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Showing posts with label information exposed. Show all posts

US Soldiers Exposed Information About the Nuclear Weapons Stockpile

 

According to a new report, U.S. soldiers stationed at several bases in Europe accidentally revealed confidential data connected to America's nuclear weapons arsenal while using inadequately secured flashcard apps to memorize those secrets. 

The soldiers accidentally revealed “not just the bases” where the nukes were stored, but also “the exact shelters with ‘hot' vaults that likely contain nuclear weapons,” writes Foeke Postma, a researcher with the OSINT-focused investigative team Bellingcat, in what appears to be a mind-boggling mishandling of America's most sensitive national security information. They also gave a slew of other information, including secret codes, passwords, and security layouts in various locations. 

According to Postma's investigation, the troops utilized common study apps like Chegg, Cram, and Quizlet to save highly classified data on European nuclear bases, then forgot to change the applications' settings from public to private. 

Some of the same soldiers allegedly made their usernames public, which “included the full identities of the persons who established them,” and used the same images they had on their LinkedIn pages, making them easier to track down. 

Postma believes that he was able to find a lot of this information by Googling official words and acronyms related to the US nuclear weapons development. When he did, he discovered a set of 70 public-facing flashcards titled "Study!" that disclosed details on the alleged nuclear inventory at Volkel Air Base in the Netherlands (a long-rumored locale of a U.S. nuke stockpile). Postma further alleges that subsequent open-source searches uncovered further flashcard caches, which revealed “details about vaults at all the other facilities in Europe that supposedly host nuclear weapons.”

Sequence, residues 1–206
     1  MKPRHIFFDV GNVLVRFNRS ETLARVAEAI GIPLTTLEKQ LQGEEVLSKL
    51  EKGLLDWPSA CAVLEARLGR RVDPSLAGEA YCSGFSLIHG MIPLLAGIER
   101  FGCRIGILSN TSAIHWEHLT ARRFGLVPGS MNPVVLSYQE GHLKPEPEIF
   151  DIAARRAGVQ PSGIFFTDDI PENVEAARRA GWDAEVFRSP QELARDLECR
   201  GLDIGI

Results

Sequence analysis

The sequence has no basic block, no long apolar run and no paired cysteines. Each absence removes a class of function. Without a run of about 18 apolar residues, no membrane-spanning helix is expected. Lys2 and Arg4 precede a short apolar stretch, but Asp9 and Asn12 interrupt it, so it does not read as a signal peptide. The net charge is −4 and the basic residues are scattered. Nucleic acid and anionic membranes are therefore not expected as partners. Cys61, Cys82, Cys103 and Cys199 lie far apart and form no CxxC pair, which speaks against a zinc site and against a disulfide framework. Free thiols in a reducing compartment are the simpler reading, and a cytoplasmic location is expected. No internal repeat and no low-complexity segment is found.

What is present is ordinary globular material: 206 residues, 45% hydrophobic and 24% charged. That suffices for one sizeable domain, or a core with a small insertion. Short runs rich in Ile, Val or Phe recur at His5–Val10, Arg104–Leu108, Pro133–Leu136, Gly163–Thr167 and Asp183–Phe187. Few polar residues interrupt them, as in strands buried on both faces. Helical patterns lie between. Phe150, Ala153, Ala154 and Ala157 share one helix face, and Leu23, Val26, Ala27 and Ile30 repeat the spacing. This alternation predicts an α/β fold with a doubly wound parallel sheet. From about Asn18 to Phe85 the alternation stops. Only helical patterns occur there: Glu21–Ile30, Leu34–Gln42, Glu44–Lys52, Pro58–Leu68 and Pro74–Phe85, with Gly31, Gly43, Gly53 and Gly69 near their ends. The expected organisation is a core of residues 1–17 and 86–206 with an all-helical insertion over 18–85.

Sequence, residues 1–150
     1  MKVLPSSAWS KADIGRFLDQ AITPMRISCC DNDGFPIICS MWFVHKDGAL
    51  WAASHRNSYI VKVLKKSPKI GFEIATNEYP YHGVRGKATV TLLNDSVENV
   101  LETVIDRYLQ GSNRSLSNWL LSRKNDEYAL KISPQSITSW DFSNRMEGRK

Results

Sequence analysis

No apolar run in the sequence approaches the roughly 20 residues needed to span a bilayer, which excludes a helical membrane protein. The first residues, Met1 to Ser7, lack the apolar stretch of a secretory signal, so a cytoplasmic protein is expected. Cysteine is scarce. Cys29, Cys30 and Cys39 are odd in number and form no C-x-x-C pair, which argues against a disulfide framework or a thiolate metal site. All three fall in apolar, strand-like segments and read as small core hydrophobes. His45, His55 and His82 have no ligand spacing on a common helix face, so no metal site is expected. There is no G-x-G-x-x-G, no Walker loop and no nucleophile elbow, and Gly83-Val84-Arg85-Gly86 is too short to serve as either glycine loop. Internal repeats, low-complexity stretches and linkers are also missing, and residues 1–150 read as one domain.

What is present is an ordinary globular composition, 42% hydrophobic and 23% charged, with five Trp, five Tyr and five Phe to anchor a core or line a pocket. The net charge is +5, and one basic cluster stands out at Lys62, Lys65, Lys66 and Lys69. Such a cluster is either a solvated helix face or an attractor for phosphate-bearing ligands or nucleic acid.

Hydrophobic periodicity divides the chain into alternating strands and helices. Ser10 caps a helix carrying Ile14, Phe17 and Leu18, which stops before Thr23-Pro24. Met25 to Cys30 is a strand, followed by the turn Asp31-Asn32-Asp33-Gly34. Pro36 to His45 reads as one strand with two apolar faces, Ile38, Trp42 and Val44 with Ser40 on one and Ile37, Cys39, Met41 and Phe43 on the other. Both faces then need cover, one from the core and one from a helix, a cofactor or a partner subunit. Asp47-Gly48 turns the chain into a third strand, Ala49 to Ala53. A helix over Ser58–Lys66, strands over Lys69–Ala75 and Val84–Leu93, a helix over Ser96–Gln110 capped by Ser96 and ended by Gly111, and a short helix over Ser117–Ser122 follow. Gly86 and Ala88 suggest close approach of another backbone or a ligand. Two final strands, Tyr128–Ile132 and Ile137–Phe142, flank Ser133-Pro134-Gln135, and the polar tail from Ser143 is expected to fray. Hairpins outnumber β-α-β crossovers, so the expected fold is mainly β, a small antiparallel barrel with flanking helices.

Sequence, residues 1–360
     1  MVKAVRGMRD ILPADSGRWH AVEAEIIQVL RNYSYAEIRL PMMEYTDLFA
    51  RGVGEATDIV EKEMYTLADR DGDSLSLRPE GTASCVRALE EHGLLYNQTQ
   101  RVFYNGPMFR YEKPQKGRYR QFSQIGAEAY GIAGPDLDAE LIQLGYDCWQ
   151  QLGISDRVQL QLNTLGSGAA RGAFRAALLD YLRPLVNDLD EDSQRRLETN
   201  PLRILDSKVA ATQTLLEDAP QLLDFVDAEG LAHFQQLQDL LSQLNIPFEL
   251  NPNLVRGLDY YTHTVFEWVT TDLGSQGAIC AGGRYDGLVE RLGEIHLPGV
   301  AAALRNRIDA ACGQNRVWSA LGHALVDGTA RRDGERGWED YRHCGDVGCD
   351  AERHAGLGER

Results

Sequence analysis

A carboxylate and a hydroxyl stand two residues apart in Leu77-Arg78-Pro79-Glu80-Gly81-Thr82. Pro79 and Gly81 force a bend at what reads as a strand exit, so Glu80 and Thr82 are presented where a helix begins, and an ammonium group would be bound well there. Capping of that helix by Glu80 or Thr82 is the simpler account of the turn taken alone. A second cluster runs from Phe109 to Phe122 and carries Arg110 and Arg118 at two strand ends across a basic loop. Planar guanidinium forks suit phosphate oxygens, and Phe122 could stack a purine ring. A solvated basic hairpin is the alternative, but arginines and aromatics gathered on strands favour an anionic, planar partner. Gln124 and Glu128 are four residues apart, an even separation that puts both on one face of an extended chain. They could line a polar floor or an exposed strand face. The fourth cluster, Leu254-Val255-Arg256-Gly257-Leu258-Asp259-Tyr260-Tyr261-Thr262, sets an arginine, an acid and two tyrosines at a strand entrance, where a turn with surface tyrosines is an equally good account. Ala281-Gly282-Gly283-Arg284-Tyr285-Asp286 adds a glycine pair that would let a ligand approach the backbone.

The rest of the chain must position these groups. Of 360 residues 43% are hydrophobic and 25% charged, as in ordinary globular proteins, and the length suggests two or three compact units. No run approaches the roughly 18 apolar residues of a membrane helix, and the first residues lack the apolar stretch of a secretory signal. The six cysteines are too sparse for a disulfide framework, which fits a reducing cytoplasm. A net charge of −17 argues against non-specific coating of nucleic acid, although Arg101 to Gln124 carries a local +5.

"Some flashcards detailed the number of security cameras and their positions at various bases, information on sensors and radar systems, the unique identifiers of restricted area badges (RAB) for Incirlik, Volkel, and Aviano as well as secret duress words and the type of equipment carried by response forces protecting bases," Postma said. 

"The scale to which soldiers have uploaded and inadvertently shared security details represents a massive operational security failure,” said Postma. “Due to the potential implications around public safety, Bellingcat contacted NATO, US European Command (EUCOM), the US Department of Defence (DoD), and the Dutch Ministry of Defence (MoD) four weeks in advance." The flashcards linked to these disclosures have been taken down since then, according to Postma.

643GB of Customer Information Exposed in a Data Breach Suffered by Bizongo

 

The issue of data fraud has been on a rapid rise, as of late, and evidently so as data breaches are a matter of serious concern for data applications in all aspects of life. In recent days, few Indian start-ups have suffered several data violations.